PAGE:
When Lori Waltenbury's dad and aunt came to Royal Victoria Regional Health Center's cancer hospital for treatment, the first thing they saw was this ad for a funeral home. (Courtesy of Waltenbury family)

First Lori Waltenbury’s dad got cancer, then her aunt did.

On the days she went with them to treatment in the past year, Waltenbury considered her job part chauffeur, part distraction.

During drives to the hospital and during sessions, she would start conversations about family or “the silly questionnaire” they filled out during treatment. Anything, she said, to take their minds off the chemicals so strong that hospital employees had to wear a protective suit.

Afterward, at home, she’d help her aunt learn how to tie headscarves.

It was her aunt who warned her about the sign on the hospital’s parking gate in Barrie, Ontario. It would be the first thing they saw when they got there  — 50 feet from the main entrance:

Adams Funeral Home and Cremation Services Ltd., the sign read. “Caring | Compassionate | Professional.”

“This just dampened our spirits,” Waltenbury told The Washington Post. “It’s just completely insensitive. ... People are suffering and fighting for their lives every day. And they’re supposed to be fighting with us.”

“But the sign says if [patients] choose not to fight this battle, or if they lose, we have a place for you. It’s just a little too much forward thinking.”

loriwaltenbury Lori Waltenbury. (Courtesy of Waltenbury family)

Still, Waltenbury’s family didn’t see the Royal Victoria Regional Health Center cancer treatment center as some cold, uncaring monolith. It saved her father’s life. The doctors were helping her aunt fight for hers. The family was angry, but it wanted to give the hospital a chance to do the right thing.

“I said, ‘When we go tomorrow, we’ll go talk to the people at the hospital and see how they respond,’ ” Waltenbury said. “And if they don’t, we'll post it online.”

The response — from the half a dozen or so hospital officials they talked to that day — was lukewarm. “Everyone thought that we were just kind of being crazy.”

So Waltenbury logged on to Facebook and posted a picture of the sign and a livid diatribe directed at the hospital:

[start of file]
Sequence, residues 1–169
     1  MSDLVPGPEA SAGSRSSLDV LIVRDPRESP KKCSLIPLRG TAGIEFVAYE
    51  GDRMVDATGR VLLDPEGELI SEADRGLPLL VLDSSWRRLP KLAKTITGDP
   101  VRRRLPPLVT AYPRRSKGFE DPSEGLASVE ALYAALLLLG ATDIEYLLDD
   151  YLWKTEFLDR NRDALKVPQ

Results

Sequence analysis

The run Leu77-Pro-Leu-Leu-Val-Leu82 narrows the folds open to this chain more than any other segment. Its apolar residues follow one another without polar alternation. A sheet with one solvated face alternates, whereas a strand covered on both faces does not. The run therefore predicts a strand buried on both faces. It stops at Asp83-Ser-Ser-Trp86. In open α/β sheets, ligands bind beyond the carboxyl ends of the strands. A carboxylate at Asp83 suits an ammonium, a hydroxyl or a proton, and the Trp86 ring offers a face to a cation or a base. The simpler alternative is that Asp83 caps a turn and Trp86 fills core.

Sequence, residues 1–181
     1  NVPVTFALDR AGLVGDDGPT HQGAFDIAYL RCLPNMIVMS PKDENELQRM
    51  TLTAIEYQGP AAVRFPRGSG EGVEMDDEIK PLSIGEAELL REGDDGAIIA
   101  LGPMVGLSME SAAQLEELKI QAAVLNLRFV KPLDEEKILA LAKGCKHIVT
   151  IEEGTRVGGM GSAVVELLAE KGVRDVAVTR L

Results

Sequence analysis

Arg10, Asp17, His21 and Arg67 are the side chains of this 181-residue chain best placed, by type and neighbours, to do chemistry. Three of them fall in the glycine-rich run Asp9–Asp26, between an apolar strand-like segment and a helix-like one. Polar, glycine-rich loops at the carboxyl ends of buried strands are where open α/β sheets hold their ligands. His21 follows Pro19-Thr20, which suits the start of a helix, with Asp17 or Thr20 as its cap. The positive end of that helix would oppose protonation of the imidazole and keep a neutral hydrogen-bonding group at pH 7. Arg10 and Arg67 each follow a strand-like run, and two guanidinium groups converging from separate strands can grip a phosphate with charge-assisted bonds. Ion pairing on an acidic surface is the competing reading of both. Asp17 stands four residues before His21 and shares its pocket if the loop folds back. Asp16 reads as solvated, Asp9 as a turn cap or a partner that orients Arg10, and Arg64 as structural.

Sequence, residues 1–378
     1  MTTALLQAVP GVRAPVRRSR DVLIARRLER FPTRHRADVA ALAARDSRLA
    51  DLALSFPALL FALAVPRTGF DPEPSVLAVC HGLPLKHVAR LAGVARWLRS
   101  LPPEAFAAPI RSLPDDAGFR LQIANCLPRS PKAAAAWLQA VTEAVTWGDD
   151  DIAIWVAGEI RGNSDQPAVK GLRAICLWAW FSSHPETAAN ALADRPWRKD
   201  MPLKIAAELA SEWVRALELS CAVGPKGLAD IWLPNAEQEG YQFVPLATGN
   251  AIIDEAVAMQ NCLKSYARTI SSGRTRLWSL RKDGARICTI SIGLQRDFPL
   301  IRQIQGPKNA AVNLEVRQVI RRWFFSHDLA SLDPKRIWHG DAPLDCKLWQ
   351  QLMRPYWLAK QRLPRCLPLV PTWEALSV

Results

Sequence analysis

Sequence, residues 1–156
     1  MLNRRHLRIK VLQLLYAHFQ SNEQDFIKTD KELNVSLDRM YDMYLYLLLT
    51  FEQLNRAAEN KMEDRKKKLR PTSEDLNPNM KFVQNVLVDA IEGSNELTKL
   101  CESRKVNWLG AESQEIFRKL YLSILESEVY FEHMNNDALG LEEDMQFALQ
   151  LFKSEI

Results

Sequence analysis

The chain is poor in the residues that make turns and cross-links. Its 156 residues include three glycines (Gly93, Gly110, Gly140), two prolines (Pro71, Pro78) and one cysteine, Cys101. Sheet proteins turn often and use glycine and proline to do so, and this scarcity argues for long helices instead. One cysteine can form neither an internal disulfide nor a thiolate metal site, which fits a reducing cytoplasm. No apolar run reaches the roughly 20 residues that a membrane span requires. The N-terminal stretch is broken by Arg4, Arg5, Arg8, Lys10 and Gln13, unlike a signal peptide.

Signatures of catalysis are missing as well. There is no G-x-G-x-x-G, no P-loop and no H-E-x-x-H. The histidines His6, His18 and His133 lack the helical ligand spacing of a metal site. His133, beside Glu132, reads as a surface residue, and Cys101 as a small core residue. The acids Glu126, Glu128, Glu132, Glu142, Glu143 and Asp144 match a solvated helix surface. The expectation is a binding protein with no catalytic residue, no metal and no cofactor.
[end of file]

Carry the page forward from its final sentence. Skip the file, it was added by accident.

“Why do you feel it SO important to remind our loved ones EVERY time they go in for treatment that just in case they (lose) their fight, just in case they give up … that there’s a funeral home just waiting for our business?”

The post has been shared more than 1,100 times since Thursday. And dozens of people chimed in.

“Funeral home advertising in a hospital is just disturbing no matter where it is put,” Danielle Gouett commented on the post. “But definitely agree that very little thought was put into this particular placement at the cancer centre.”

Waltenbury's viral post caught the hospital’s attention. On Friday, it posted a statement on its Facebook page.

“Please allow us to say ‘we are sorry,’ ”the statement said. “Patients are at the centre of everything we do at RVH and this advertisement on a parking lot gate arm is not in keeping with that commitment.

“The placement was insensitive and short-sighted. Although advertising revenue does support patient programs, this ad — visible to vulnerable, brave patients and families who deserve nothing but our care and compassion — was simply wrong. RVH staff removed the gate advertisement early this morning.

“Again, we offer you our most sincere apologies. We will do better.”

The owner of Adams Funeral Home also responded. In a statement on its website, Adams said the ad was a way to support the cancer center, which helped the owner’s wife fight the disease.

“Let me apologize to those that this advertising has offended as that certainly wasn’t our intent,” the statement on the website says.

“I agreed to advertise in this way as all proceeds from the advertising go directly to the RVH Foundation for the purchase of hospital equipment and this was a way in which we could support our local hospital. Two years ago my wife Lorie and I were through those gates on a regular basis as Lorie underwent treatment for breast cancer. Because of this, we have great empathy for people going through those gate arms.”

The statement says the owner requested that the advertising be placed in less conspicuous places around the hospital, a request that wasn’t honored.

But, most important for Waltenbury, the funeral home asked that the advertisement come down.

Waltenbury said she still has questions. Placing the funeral ad in that spot was a choice, not a random occurrence, and she wants to know who authorized the placement.

Her viral post has also shown her family the power of social media. She said they are considering a crowdfunding campaign to put up a new sign on the entry gate near the cancer center.

She hasn't worked out exactly what it would say, but it would be “something along the lines of ‘You matter. Keep fighting.’ ”

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